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The mother range: investigating the power dynamics of climate change adaptation in an Arizona fire-prone contested landscape

Cannon, William Henry (2022) The mother range: investigating the power dynamics of climate change adaptation in an Arizona fire-prone contested landscape. Masters thesis, Northern Arizona University.

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Abstract

Interviews with diverse actors regarding wildfire, values, and individual perspectives were conducted to add to the emergent body of literature utilizing a political ecology case study approach in the context of more developed countries. The Bighorn Fire as a case study provided several unique dynamics, such as community awareness of the fire, controlled management of the fire away from structures, ecological variability, the likelihood of near-future climate stress for the Tucson area, and history of socially prominent wildfires. Semi-structured interviews best aligned with the iterative nature of data analysis required by a political ecology approach. This methodology, combined with guidance from case study literature, informed the organization of interview data and the general structure of the research process. Analysis of interview data utilizing research questions informed by political ecology yielded rich insights into barriers to future governance efforts on and around Mt. Lemmon as well as novel findings of charismatic ‘indicators’ of climate change impacts for actors with different values and power. Future case studies examining communities, wildfire, and climate change impacts would benefit from similar critical engagements with local geography to understand how power influences both discourse and resulting action in relation to adaptive governance.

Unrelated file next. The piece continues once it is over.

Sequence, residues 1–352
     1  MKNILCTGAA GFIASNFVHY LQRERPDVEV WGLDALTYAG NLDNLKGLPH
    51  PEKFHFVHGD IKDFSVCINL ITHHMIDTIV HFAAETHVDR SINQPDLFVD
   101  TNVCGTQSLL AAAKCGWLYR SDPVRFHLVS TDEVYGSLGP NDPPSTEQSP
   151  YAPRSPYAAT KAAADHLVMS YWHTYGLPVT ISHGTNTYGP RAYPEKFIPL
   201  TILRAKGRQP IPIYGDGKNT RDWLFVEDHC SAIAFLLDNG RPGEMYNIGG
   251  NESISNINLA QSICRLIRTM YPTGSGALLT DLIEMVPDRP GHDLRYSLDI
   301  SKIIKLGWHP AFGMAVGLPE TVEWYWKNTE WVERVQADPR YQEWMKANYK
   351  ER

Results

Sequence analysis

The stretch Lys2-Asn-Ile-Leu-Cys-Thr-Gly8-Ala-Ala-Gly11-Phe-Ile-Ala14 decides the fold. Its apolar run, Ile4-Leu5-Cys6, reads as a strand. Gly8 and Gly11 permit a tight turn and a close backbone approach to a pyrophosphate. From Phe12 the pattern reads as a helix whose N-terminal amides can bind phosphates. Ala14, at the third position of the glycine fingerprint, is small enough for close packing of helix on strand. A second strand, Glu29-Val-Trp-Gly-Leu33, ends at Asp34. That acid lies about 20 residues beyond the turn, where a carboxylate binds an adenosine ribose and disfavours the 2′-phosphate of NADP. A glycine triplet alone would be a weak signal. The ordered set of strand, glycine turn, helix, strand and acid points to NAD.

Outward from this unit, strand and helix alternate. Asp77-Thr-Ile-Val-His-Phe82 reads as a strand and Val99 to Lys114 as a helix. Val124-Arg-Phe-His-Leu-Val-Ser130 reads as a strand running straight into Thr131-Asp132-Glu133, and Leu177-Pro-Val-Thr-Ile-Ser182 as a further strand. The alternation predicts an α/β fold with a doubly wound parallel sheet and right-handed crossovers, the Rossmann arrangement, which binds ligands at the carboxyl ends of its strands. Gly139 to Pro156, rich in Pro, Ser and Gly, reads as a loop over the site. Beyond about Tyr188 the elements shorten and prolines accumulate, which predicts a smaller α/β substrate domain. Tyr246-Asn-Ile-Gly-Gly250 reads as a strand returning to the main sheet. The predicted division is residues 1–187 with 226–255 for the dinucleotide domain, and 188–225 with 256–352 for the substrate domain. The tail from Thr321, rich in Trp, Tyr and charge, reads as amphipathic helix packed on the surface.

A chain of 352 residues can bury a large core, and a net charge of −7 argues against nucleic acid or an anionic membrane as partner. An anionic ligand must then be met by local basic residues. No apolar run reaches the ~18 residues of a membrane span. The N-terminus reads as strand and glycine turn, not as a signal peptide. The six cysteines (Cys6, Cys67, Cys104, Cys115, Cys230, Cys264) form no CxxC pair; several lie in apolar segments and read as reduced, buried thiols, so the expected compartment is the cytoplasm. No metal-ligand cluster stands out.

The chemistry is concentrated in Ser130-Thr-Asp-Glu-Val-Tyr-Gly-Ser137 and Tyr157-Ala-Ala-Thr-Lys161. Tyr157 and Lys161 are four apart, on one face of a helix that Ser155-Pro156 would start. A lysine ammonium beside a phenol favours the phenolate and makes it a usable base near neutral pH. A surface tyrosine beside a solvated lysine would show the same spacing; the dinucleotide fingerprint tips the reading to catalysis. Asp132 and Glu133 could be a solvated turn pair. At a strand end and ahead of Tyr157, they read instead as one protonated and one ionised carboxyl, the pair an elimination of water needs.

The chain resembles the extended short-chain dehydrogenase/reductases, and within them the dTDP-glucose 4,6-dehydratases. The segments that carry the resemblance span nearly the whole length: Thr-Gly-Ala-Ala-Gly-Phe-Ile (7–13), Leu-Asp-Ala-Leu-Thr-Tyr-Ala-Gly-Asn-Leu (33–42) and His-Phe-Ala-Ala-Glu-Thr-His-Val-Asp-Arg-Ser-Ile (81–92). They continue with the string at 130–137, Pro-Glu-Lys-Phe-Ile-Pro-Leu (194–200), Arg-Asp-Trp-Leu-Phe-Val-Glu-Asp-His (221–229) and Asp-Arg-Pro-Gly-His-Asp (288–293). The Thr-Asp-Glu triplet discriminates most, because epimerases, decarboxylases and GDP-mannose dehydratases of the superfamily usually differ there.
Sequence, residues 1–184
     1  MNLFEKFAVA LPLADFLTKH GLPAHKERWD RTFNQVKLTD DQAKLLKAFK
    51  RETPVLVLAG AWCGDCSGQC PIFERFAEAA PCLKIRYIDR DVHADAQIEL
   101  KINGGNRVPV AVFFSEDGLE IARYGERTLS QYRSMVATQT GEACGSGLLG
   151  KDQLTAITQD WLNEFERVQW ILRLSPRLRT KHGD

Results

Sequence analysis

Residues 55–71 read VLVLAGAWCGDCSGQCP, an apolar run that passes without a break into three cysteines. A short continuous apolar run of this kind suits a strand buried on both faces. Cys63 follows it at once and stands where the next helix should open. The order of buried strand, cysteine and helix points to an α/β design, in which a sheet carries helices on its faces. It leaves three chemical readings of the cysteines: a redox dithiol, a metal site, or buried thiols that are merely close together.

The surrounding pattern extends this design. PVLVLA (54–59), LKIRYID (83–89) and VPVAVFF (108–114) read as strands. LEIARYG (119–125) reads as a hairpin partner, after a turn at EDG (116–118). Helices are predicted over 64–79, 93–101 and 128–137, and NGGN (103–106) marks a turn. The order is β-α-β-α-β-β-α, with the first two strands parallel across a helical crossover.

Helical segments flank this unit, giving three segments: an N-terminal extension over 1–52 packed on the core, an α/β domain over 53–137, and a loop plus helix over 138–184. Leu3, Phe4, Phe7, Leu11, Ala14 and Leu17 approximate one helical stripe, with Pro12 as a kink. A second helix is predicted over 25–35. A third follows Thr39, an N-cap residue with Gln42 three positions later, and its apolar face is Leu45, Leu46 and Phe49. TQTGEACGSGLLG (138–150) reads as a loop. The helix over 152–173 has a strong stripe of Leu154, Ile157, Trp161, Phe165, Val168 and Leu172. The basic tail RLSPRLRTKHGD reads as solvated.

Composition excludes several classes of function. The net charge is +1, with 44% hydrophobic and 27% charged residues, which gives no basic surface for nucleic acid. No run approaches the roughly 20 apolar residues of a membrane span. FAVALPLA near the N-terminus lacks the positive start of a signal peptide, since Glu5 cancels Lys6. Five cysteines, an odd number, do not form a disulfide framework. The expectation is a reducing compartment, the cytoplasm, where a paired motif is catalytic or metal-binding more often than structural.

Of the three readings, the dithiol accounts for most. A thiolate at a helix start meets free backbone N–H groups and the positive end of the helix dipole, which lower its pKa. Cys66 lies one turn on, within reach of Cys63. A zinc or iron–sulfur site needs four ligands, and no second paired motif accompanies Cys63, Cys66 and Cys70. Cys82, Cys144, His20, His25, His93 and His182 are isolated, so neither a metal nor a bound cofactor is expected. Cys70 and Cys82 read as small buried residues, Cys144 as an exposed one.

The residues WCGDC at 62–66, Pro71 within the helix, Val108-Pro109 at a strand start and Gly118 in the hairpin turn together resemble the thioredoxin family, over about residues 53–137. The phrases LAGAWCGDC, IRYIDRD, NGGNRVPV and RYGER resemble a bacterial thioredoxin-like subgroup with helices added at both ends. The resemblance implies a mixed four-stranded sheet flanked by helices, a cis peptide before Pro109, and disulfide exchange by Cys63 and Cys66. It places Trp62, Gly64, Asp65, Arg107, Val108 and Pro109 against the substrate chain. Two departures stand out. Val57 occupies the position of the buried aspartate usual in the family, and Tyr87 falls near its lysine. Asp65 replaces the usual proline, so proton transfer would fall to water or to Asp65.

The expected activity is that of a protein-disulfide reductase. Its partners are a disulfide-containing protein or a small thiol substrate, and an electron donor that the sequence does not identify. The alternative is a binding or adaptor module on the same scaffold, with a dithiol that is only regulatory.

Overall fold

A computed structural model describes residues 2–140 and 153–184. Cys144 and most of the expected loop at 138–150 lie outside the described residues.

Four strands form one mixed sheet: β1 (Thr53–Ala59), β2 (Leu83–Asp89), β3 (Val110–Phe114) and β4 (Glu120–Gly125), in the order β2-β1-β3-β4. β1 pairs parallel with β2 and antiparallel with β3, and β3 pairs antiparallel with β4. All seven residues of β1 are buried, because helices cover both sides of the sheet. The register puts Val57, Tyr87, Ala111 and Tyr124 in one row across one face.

Item Type: Thesis (Masters)
Publisher’s Statement: © Copyright is held by the author. Digital access to this material is made possible by the Cline Library, Northern Arizona University. Further transmission, reproduction or presentation of protected items is prohibited except with permission of the author.
Keywords: Adaptation; Climate change; Indicators; Mitigation; Social diversity; Wildfire; Santa Catalina Mountains, Arizona; Forest ecology;
Subjects: S Agriculture > SD Forestry
NAU Depositing Author Academic Status: Student
Department/Unit: Graduate College > Theses and Dissertations
College of Social and Behavioral Science > Geography, Planning and Recreation
Date Deposited: 15 Jul 2022 17:14
Last Modified: 15 Jul 2022 17:14
URI: https://openknowledge.nau.edu/id/eprint/5856

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